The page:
Please login to the form below

Not currently logged in
Email:
Password:

Ad Lib blog

Creative critiques of pharma and healthcare ads and campaigns

Focusing on film

Turn off your mobiles, while Rob Sampson and Andy James review three film clips. One of them gets “a standing ovation for this box office smash”

The British summer brings rain, hosepipe bans and disappointment at Wimbledon. But more interestingly it's the season of film premieres. Each year sees the usual selection of crowd-pleasers but also some exceptional pieces of work – The Artist, Submarine, Human Centipede II. But what's going on in our healthcare industry?

Every year, we seem to be making more films for our clients. From rep motivation videos to pre-launch teasers – use of moving image has spread far from the confines of the TV commercial. And this makes perfect sense.

With reps grabbing their iPads, and doctors tapping their Smartphones, the digital media revolution is in full spin. We all know that moving image has the potential to communicate more effectively (and certainly on a deeper emotional level) than print, so film should be high on any agency's agenda. It also means there's a lot of noise to cut through. But when done well you produce classics such as Pfizer's Get Real, Get a Prescription.

With this example in mind, let's get comfortable and take a look at some recent releases. Turn off your mobile phones, it's time for the main feature…

Valdoxan – Servier
'The Loner'

Author

star-rating-author-two-and-a-half

Public

Valdoxan

Agency: Big Pink

This film shows us what it's like to be depressed – sadness, avoiding the outside world, hopelessness. It then describes what it's like not to be depressed – enjoying laughter in fields and watching butterflies. Well thanks for the insight.

Yes it looks beautiful and is well shot with great production, yet we're left unfulfilled. We'd like to talk about the idea. But there isn't one. We'd like to discuss why doctors would be persuaded to prescribe Valdoxan. But we can't. This is like opening a bag of warm microwave popcorn and finding it half-full of kernels.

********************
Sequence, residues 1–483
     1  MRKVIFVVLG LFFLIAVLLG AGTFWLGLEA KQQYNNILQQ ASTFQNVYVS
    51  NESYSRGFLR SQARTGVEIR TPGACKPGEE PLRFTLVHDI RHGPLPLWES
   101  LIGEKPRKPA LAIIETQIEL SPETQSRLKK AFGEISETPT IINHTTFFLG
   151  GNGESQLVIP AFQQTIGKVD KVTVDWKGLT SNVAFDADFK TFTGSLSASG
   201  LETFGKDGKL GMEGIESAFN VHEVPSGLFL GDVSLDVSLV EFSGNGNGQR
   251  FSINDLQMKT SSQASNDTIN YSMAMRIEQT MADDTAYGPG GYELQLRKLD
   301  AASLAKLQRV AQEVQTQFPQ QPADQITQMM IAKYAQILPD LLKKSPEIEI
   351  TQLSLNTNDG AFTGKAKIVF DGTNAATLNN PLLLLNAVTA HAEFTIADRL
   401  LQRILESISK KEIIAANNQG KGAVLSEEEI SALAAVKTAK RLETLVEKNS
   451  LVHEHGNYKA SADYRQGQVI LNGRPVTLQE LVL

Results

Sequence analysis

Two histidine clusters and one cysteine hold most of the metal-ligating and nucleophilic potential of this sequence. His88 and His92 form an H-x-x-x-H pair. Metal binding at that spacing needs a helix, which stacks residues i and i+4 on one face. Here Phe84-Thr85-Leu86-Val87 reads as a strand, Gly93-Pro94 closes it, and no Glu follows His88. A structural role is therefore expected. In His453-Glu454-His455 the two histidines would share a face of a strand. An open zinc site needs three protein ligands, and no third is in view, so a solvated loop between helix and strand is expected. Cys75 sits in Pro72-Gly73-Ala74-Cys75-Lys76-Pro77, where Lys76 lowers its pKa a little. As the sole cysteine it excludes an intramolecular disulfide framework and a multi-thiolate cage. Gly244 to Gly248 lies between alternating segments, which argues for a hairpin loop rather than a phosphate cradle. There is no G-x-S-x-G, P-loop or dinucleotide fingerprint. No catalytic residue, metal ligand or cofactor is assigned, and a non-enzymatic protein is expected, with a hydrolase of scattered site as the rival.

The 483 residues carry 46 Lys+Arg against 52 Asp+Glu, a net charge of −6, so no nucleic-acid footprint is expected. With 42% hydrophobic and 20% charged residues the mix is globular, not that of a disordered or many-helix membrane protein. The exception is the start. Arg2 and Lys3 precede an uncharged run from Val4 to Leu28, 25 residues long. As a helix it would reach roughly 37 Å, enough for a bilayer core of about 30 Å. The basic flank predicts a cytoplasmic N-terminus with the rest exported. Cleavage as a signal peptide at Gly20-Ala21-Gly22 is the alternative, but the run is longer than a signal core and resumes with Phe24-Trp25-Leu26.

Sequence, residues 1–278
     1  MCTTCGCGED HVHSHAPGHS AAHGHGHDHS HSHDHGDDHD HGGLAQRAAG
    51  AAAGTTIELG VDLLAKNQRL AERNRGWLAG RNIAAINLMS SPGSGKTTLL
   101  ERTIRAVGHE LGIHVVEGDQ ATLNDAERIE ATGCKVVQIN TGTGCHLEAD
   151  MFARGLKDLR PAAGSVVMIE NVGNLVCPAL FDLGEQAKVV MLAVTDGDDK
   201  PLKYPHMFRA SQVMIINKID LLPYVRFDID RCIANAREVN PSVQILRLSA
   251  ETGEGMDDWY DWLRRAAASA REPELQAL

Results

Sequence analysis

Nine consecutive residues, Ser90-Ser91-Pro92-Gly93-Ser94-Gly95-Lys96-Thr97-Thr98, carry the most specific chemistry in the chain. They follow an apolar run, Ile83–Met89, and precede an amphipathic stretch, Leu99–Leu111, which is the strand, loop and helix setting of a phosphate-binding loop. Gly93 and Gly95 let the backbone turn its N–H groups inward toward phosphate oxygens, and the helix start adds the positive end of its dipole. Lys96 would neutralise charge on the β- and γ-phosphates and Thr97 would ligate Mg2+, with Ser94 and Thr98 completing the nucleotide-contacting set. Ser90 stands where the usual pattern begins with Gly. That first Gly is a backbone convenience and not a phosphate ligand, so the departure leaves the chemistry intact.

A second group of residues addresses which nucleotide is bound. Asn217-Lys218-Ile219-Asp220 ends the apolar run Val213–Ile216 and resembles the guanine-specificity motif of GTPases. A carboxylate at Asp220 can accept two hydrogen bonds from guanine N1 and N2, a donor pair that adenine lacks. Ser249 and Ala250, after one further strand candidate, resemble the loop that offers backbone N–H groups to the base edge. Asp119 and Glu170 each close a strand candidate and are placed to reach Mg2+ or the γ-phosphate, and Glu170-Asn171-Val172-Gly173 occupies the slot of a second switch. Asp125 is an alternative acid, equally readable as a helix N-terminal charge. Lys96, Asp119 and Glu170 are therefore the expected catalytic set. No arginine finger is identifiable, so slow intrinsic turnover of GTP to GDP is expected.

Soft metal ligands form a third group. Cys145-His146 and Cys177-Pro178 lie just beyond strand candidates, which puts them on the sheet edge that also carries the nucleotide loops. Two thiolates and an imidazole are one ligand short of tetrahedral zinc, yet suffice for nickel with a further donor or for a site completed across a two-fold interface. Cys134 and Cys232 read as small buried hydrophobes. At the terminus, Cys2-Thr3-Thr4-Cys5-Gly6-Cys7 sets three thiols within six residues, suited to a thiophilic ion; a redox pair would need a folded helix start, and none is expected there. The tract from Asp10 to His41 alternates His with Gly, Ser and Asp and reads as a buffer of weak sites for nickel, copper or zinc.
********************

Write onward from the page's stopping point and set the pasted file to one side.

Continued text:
Otrivin – Novartis
'You Look Dumber When Your Mouth's Open'

Author

Public

Otrivin

Agency: Saatchi & Saatchi Switzerland

Wow. What a weird feeling. Were we supposed to laugh? Cry? Wince? Nope, still confused. Okay, there's definitely an idea in there – call off the hounds – but it's executed badly. So badly it's making us angry. Taking the piss out of children just isn't funny. Kids this age don't care how they look and they shouldn't have to. But imagine for a second if they had used adults. Now imagine their line ‘you look dumber with your mouth open'. Maybe this could work, but for now this release is going to straight to DVD.

Hidrasec – Abbott
'The Inside Story'

Author

Public

Hidrasec

Agency: Langland

Did we want to sit down and watch a diarrhoea MOA film? Not really. Will we watch this one again. Hell yes. Simple, beautifully made, emotional and refreshing. We love it. After one viewing you'll know how Hidrasec works. Even if you didn't want to. Here we have a lesson on behaviour changing creativity – it communicates mundane science in a way which is engaging and memorable for doctors, whilst also being easy for patients to understand too. Bravo! A standing ovation for this box office smash.

 

Article by
Rob Sampson (left) and Andy James

senior creative team at Ogilvy Healthworld Advertising London

16th August 2012

Share

Featured jobs

Subscribe to our email news alerts

PMHub

Add my company
Hamell

Hamell is a full-service agency with a clear focus on delivering evidence-based, sustained behaviour change. So, whether you are looking...

Latest intelligence

women
Advancing women in healthcare
Fostering the next generation of leaders...
The Challenges Of UX In Healthcare: Technology To Change Lives
Blue Latitude Health Director and Head of Customer Experience Elisa Del Galdo explores the latest digital healthcare trends and reveals the innovations changing the sector today....
It’s all about patient outcomes… right?
Lessons from history: a design thinking perspective...

Infographics